What's making wireline telecom executives scared to turn out the lights? We're serving up five telecom tales that are arousing anxiety in this industry segment.
Since only about 5 percent of Americans rely on POTS and the other 95 percent use wireless, VoIP, cable and other non-regulated methods, it's incumbent upon the federal government to remove outdated regulations that require telcos to maintain traditional switched copper networks, an Internet Innovation Alliance report says.
Fear of the unknown can hold back American innovation and economic growth in the form of those who invoke bogeymen to scare consumers away from technological advances. That's happening today, as a dialogue is just beginning on how to upgrade and modernize the nation's old telephone networks to next generation high-speed Internet networks.
Industry executives and association leaders including Windstream's Jeff Gardner, COMPTEL's Jerry James, and NCTA's Shirley Bloomfield joined analyst Larry Downes and Public Knowledge's Gigi Sohn to testify Thursday in front of the Senate Commerce Committee in a hearing--the fourth in a series--on the impending transition off the traditional public switched telephone network (PSTN) to IP technologies.
New York Attorney General Eric Schneiderman is sinking his teeth further into Verizon's planned Voice Link installation on Fire Island and elsewhere in the state. His office filed a statement with the Public Service Commission that asks the PSC to require Verizon to divest any legacy assets it no longer has an interest in maintaining.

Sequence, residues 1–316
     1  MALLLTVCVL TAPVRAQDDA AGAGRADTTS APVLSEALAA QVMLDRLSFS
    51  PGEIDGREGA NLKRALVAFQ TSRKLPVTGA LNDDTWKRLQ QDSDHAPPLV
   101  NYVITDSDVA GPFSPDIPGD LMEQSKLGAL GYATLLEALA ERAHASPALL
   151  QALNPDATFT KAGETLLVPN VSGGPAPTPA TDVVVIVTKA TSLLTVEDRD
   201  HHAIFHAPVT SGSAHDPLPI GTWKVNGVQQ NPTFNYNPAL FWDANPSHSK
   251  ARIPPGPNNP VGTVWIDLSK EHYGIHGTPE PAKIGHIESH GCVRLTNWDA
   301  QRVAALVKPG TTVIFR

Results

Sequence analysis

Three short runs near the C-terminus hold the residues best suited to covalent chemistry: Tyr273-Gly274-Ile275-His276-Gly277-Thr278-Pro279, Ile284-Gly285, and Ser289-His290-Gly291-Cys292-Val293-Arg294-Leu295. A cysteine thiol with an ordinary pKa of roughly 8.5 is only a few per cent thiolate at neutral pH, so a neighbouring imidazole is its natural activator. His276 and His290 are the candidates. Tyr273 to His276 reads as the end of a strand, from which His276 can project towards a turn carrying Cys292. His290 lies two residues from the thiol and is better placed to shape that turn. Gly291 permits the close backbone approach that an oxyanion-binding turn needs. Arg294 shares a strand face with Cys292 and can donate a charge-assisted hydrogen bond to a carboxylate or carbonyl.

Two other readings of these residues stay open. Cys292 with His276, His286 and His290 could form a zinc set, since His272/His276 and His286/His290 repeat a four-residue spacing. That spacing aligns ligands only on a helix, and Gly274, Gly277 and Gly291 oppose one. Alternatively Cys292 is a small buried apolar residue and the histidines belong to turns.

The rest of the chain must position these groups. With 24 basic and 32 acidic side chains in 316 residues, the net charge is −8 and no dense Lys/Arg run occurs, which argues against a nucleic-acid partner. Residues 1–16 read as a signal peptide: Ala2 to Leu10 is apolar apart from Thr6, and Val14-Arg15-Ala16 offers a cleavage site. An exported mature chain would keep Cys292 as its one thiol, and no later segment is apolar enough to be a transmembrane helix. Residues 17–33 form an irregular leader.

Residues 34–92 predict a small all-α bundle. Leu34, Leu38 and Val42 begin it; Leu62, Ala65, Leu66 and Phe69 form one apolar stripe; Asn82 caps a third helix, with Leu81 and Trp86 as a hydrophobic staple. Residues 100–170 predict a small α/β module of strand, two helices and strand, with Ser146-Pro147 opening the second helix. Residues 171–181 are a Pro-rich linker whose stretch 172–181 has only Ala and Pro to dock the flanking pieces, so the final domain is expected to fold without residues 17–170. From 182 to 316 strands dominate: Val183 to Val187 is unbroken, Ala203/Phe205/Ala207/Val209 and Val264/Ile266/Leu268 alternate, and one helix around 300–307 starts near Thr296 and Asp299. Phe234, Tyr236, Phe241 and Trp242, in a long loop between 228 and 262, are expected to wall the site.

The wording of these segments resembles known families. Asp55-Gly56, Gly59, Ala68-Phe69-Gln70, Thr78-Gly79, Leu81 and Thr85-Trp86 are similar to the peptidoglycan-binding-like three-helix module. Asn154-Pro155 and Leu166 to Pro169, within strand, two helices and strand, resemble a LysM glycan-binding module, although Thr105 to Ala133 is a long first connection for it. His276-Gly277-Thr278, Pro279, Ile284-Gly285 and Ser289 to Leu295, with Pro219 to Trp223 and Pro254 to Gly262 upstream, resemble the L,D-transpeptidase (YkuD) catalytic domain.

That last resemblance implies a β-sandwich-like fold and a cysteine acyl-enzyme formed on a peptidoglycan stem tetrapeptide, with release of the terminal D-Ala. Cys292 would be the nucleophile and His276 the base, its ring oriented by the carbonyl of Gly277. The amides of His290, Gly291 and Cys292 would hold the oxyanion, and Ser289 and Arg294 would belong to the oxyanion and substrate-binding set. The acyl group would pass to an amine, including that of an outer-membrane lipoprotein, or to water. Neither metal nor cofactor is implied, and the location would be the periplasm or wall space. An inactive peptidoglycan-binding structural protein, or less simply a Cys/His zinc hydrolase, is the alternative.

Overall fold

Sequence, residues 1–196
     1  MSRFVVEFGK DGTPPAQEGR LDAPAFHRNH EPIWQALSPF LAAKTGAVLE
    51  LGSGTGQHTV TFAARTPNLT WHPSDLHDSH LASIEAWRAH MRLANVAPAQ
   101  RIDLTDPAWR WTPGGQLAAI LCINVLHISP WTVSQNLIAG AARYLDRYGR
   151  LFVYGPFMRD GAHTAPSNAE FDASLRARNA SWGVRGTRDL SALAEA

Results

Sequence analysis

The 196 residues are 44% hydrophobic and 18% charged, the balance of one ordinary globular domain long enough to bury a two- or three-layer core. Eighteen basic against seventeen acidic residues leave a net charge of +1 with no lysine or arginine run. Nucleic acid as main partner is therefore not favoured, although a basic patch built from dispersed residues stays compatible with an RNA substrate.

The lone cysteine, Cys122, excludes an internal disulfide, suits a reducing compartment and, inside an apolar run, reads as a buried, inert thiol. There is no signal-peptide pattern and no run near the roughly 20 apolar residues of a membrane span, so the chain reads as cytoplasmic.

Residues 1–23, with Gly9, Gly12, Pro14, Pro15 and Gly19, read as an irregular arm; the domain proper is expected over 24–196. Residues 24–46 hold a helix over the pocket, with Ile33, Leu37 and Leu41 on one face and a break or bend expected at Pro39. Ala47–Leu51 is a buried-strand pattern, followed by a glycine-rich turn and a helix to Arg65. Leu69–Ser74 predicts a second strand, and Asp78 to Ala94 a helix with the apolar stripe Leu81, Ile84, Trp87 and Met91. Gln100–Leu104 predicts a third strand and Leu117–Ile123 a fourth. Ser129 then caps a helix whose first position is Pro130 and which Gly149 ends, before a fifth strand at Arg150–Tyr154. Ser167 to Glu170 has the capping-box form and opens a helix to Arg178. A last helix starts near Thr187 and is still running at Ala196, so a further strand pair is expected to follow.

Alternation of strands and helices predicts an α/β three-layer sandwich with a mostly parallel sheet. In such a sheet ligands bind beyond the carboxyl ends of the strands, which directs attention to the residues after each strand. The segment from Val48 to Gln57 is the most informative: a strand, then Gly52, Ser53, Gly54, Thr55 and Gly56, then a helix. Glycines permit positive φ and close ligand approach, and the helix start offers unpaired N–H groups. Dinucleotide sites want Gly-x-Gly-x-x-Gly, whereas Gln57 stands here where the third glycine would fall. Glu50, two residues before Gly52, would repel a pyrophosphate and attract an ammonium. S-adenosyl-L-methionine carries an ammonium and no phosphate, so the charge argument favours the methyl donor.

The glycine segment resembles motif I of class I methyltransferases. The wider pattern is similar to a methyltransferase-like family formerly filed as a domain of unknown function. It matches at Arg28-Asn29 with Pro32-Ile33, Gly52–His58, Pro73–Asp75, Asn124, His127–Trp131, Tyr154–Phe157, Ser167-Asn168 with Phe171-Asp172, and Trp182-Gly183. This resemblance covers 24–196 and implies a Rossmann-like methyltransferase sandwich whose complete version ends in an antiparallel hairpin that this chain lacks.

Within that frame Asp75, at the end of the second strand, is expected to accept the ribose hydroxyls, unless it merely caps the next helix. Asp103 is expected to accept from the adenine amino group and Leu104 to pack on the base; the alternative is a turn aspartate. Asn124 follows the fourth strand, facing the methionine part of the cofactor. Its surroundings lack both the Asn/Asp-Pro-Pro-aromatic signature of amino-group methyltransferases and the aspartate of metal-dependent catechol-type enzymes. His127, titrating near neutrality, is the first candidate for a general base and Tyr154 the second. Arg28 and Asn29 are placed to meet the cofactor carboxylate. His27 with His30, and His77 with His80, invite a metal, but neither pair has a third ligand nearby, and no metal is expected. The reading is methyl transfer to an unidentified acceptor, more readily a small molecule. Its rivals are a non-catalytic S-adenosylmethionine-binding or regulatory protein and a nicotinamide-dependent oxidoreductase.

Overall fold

The New York Public Service Commission went ahead with granting Verizon "limited approval" to replace Hurricane Sandy-damaged wireline voice networks with its VoiceLink wireless service on Fire Island, one of a few areas in New York and New Jersey where Verizon said repairs to the PSTN will be too expensive or difficult.
eircom on Monday said it could be facing further trouble if Ireland's government decides to go ahead with plans to cut free phone service for elderly residents.
The Colorado Public Utilities Commission's recent decision to stop paying subsidies for phone service in remote parts of the state is drawing fire from local telcos and consumer groups who argue the measure will result in higher consumer costs.
What are some of the most nerve-wracking industry issues that telcos and wireline service providers face? Here are five top nail-biters.
AT&T (NYSE: T) and Verizon (NYSE: VZ) are clearly two service providers making a migration away from the PSTN to all IP, but the move has to carefully take into account a number of key technical,